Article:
Germany Looks to Boost Aid by EU20 Billion in Extended Shutdown

(Bloomberg) — Germany is discussing support of as much as 20 billion euros ($23.7 billion) for businesses affected by plans to extend a nationwide shutdown into December.

Because of normally brisk business during the Christmas season, financial aid is expected to exceed November payments, according to people familiar with the negotiations between Chancellor Angela Merkel and the leaders of Germany’s 16 states. The additional support could more than double total aid since early November to some 34 billion euros.

Officials imposed a partial shutdown this month that closed restaurants, gyms and cinemas, while keeping most of the rest of the economy running. With contagion rates still nearly triple a government target, the restrictions are set to be extended until at least Dec. 20.

chart: Rapid Spread

© Bloomberg
Rapid Spread

Authorities have said financial support would again be available if the restrictions are prolonged, which will likely happen on Wednesday when Merkel and state premiers finalize plans. For November, authorities have offered to reimburse businesses for about 75% of lost revenue, which is expected to total about 14 billion euros.


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There’s a broad consensus that aid is necessary to protect Europe’s biggest economy from the fallout of the pandemic. Finance Minister Olaf Scholz — a Social Democrat — said over the weekend that support will be needed beyond the end of this month, while a senior lawmaker in Merkel’s conservative bloc said Germany can afford further payments.

“If we extend this lockdown, if compensation payments continue, especially in the restaurant business, that’s a serious burden for the federal budget,” Ralph Brinkhaus, head of the parliamentary caucus of Merkel’s CDU-led bloc, told reporters on Tuesday.

While the federal budget can handle the support for now, states will need to contribute if payments continue into 2021, according to Brinkhaus. “It cannot be that all of this is carried by the federal budget,” he said.

The government — traditionally committed to balanced budgets — plans to finance pandemic-related spending by raising more than 160 billion euros in new debt next year, compared with the current target of 96.2 billion euros.

Deteriorating Sentiment

Despite efforts to ease the burden on affected businesses, the latest restrictions have hurt sentiment, a monthly survey by the Ifo institute suggested Tuesday.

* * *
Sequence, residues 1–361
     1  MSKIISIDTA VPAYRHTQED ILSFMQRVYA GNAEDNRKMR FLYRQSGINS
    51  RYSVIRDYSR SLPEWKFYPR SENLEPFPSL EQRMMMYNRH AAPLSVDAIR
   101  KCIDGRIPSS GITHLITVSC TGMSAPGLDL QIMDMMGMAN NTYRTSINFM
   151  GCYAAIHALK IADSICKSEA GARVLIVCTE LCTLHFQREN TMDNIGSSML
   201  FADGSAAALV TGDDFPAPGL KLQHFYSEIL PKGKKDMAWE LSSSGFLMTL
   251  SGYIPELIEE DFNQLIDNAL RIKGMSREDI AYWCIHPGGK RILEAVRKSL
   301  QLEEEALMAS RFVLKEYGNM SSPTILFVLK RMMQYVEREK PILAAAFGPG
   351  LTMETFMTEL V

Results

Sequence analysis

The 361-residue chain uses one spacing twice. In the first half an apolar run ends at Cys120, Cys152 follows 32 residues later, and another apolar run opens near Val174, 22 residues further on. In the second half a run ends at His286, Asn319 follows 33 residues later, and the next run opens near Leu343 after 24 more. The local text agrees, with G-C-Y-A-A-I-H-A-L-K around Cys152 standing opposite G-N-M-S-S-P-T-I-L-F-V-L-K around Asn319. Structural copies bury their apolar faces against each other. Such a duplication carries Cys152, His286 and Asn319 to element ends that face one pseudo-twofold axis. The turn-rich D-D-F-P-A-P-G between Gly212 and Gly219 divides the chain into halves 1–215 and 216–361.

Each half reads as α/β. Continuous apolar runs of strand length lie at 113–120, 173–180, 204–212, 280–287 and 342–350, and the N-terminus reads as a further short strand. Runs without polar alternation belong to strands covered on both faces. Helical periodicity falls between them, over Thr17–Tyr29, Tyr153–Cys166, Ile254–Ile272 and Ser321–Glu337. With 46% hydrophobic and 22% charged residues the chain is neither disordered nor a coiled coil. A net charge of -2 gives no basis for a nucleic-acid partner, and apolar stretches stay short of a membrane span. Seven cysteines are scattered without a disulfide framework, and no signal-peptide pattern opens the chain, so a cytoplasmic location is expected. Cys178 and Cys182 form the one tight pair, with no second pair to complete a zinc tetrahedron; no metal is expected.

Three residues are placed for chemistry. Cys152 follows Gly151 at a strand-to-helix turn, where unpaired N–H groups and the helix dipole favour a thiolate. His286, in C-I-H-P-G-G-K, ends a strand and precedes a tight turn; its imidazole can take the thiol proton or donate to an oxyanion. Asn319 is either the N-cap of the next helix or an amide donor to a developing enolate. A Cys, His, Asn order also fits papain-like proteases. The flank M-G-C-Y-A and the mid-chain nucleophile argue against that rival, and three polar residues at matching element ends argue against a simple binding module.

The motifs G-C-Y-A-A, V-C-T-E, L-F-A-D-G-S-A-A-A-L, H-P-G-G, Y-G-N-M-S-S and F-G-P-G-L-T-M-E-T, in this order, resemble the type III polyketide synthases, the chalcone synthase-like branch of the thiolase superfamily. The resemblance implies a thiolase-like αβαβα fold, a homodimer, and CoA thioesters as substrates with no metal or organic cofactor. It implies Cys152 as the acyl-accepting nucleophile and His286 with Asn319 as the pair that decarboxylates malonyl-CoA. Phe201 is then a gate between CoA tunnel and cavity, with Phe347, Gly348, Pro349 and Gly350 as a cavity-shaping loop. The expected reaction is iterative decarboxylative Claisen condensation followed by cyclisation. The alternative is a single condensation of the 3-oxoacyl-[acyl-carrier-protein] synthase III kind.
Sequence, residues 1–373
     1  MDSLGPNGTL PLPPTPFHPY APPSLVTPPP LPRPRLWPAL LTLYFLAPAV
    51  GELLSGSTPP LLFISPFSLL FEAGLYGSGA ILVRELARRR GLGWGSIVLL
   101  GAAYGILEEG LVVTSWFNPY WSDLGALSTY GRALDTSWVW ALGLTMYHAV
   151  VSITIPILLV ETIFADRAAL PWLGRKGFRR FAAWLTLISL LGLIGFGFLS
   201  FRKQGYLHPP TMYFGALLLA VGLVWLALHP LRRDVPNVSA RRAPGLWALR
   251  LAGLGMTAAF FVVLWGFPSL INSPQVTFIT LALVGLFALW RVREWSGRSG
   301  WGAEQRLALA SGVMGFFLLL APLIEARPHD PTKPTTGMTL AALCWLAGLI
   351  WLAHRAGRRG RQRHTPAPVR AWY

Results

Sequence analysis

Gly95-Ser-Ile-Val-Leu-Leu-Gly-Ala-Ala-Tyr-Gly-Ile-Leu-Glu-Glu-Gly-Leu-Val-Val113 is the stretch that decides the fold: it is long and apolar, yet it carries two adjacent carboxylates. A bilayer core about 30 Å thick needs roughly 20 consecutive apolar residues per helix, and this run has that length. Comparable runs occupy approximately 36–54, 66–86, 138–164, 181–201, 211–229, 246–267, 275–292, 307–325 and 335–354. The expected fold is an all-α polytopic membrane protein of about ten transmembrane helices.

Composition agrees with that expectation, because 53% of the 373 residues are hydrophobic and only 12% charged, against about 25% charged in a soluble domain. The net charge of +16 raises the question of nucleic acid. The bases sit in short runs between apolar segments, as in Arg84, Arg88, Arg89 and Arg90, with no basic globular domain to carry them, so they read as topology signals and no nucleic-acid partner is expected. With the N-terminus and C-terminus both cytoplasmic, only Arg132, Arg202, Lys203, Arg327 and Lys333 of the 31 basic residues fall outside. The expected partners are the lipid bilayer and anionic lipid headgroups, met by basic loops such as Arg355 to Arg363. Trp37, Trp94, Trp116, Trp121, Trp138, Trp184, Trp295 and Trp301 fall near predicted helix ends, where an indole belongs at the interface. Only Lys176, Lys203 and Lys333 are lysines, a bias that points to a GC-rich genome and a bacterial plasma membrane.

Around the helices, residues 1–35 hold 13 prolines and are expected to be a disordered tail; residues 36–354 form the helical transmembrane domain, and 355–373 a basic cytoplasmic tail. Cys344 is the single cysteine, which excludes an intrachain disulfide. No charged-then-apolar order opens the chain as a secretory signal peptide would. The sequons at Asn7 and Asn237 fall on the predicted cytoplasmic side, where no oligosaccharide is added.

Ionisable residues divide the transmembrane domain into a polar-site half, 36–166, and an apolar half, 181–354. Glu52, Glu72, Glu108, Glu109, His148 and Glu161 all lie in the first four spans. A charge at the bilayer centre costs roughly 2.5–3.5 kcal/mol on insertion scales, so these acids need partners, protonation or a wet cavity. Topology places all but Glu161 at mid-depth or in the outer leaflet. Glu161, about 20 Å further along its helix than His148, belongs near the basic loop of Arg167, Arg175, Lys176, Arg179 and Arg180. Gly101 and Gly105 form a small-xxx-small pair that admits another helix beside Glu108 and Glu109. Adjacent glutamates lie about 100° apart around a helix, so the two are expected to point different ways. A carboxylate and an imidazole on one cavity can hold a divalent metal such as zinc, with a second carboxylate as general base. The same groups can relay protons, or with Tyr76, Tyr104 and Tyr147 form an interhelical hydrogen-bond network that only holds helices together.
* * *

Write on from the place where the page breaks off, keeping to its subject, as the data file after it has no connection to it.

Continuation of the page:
An expectations gauge fell to 91.5 in November from 94.7 the previous month, a steeper drop than economists forecast. More than 70% of companies in the hospitality sector are worried about failing, with almost 20% wondering if they’ll even get through this month, Ifo said, adding that a sub-index for hotels and hospitality “absolutely nosedived.”

Ifo President Clemens Fuest said that the government’s strategy appears tailored only for the coming weeks and entrepreneurs would prefer a longer-term plan.

“Businesses are more or less resigned to the fact that this uncertainty — these measures coming in and being lifted again — is going to stay for some time,” Fuest said in a Bloomberg TV interview

chart, line chart: German business confidence slides amid virus restrictions

© Bloomberg
German business confidence slides amid virus restrictions

The number of cases in Germany has tripled since the start of October to more than 900,000, and the amount of people with the disease in intensive care is at record levels.

Read more: Europe Is Trying to Crack the Door Open for Christmas

The heads of Germany’s states agreed on Monday to extend the latest lockdown restrictions, while tightening rules limiting social contact. The measures would be rolled over for periods of two weeks if contagion rates remain above the government’s target level.

The goal remains to allow Germans to celebrate Christmas with their families. According to the latest proposals, contact restrictions would be loosened for the Dec. 23 to Jan.1 period, with gatherings of up to 10 people from different households allowed and children up to the age of 14 exempted.

(Recasts with aid figure)

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